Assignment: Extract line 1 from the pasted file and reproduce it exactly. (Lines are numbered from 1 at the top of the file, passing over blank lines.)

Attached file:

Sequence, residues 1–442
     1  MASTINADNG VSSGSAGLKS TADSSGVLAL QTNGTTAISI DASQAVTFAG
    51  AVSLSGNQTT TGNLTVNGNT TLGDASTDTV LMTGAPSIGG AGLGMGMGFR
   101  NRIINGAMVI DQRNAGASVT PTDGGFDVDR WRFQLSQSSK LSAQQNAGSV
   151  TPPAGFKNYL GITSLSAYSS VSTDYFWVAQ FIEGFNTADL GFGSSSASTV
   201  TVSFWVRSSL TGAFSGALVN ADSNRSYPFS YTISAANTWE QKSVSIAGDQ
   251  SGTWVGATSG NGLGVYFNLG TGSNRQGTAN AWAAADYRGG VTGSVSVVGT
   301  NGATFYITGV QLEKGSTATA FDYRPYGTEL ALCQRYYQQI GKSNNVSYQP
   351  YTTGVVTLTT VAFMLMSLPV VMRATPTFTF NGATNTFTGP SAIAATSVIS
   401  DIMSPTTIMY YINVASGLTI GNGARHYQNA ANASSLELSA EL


Sequence, residues 1–442